The New York Times: When Baseball Comes Back, It Should Look Totally Different

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Audra Melton for The New York Times

People turn to baseball because they want to feel a connection — to the players, to the suspense. “Sports is always somewhat fresh,” Stewart O’Nan, a novelist, said. “The great thing about baseball is, most games you’re going to see something that you’ve never seen before. It’s also a way to forget about the world. It’s a release from the things that are weighing on you.”

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Henry, Reviewed from New Zealand

Reviews don’t get much farther flung than New Zealand.

I seemed to have been lately reading novels with quirky introverted characters; The Unlikely Pilgrimage of Harold Fry and The Last Voyage of Mrs Henry Parker to name just two. They are the sort of stories to be read at leisure. So what better time, in the midst of the 2020 Covid 19 Lockdown, to read something in a similar vein.

Henry Maxwell is a retired gentleman once a soldier and an engineer, always a husband, father and grandfather. The year is 1998 and we share this with Henry in his 75th year. As each chapter captures a moment in the year, we experience the smaller details of Henry’s life.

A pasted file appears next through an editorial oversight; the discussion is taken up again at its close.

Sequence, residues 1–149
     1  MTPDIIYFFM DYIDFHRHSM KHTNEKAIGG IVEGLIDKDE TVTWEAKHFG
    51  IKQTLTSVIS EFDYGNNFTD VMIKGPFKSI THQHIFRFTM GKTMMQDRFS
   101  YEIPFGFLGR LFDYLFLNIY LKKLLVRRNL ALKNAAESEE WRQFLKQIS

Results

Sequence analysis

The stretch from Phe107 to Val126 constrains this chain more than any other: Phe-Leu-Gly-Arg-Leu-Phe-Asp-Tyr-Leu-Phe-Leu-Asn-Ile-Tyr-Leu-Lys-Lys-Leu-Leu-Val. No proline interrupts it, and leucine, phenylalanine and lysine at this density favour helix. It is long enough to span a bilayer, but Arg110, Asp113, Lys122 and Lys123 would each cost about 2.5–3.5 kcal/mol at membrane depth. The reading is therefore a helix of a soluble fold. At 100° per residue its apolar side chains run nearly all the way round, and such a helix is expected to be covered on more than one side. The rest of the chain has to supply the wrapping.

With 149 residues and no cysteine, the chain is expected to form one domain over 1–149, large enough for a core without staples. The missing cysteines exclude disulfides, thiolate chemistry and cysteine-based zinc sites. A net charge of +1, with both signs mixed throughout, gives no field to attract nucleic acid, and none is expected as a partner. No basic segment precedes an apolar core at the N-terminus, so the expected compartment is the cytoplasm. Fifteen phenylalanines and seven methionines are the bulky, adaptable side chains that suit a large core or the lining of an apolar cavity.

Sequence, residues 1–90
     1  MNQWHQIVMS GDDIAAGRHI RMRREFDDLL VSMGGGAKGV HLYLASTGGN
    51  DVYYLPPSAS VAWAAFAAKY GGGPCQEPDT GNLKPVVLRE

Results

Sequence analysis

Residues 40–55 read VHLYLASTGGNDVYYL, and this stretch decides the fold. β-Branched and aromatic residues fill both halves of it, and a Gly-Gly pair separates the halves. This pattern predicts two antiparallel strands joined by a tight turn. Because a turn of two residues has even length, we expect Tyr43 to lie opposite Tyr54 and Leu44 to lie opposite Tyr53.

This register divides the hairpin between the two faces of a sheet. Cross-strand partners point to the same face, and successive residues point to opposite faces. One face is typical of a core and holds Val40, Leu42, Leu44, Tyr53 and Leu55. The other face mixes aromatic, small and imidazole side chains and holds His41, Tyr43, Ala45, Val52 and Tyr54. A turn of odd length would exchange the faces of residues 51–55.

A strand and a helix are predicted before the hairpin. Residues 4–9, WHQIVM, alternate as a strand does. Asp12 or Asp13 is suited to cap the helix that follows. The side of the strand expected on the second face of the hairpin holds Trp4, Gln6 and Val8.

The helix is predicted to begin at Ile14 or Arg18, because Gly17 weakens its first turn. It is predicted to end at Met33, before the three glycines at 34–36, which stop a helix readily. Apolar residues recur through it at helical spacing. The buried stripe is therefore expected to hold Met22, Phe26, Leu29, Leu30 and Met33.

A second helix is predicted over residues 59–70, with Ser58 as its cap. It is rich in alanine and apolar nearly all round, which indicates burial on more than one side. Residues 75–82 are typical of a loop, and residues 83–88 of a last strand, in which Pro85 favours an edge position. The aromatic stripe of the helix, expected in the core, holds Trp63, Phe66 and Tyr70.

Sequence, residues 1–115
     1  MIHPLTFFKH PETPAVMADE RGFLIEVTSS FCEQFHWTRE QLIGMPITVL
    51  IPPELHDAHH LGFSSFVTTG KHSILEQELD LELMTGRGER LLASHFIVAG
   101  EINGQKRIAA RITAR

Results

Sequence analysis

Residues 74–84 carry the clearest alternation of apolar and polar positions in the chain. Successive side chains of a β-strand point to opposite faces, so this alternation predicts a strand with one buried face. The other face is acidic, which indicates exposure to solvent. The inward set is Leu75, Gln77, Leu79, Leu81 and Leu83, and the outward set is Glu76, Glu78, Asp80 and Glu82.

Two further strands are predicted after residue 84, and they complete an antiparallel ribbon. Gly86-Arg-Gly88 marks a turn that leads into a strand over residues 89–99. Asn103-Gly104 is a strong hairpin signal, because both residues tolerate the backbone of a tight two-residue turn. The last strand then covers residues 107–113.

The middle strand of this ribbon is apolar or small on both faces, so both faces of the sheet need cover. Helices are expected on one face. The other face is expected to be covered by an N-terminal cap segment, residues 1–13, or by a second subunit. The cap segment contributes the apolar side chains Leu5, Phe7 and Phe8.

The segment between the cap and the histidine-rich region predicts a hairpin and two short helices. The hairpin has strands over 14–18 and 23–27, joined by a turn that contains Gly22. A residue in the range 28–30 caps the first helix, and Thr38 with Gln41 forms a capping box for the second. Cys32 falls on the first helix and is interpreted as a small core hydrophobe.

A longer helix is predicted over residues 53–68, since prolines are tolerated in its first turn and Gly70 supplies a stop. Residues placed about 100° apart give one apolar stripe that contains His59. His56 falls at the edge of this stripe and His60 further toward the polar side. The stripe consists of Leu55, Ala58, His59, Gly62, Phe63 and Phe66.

These everyday minutiae are poignantly shared; from the humour of trying to stop Rufus the dog from killing patches of grass with his peeing, to the joy of receiving a perfect Father’s Day present from his children.

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Pittsburgh Post-Gazette: Local authors suggest books to read in strange, unsettling times

Here are Stewart’s reading suggestions:

Stewart O’Nan is the author of “Emily Alone” and “Henry, Himself.” He loves “Pittsburgh” by Frank Santoro, calling it “a gorgeous moving graphic memoir of growing up in Swissvale.” He also likes “Shopping Mall” by Matthew Newton, describing it as “a more analytical book-length personal essay exploring the shopping mall as a shared American experience, focusing on the author’s personal relationship with our own Monroeville Mall. Both make present worlds we as Pittsburghers know that have since vanished.”

If you can’t obtain those titles, Mr. O’ Nan wrote, “I’d recommend reading the big book on your shelf that you’ve tried to read several times but just couldn’t get through. ‘Ulysses,’ ‘Moby Dick,’ ‘Invisible Man,’ ‘A Little Life.’ Now’s the time, now that you have time. Don’t let that book beat you!”

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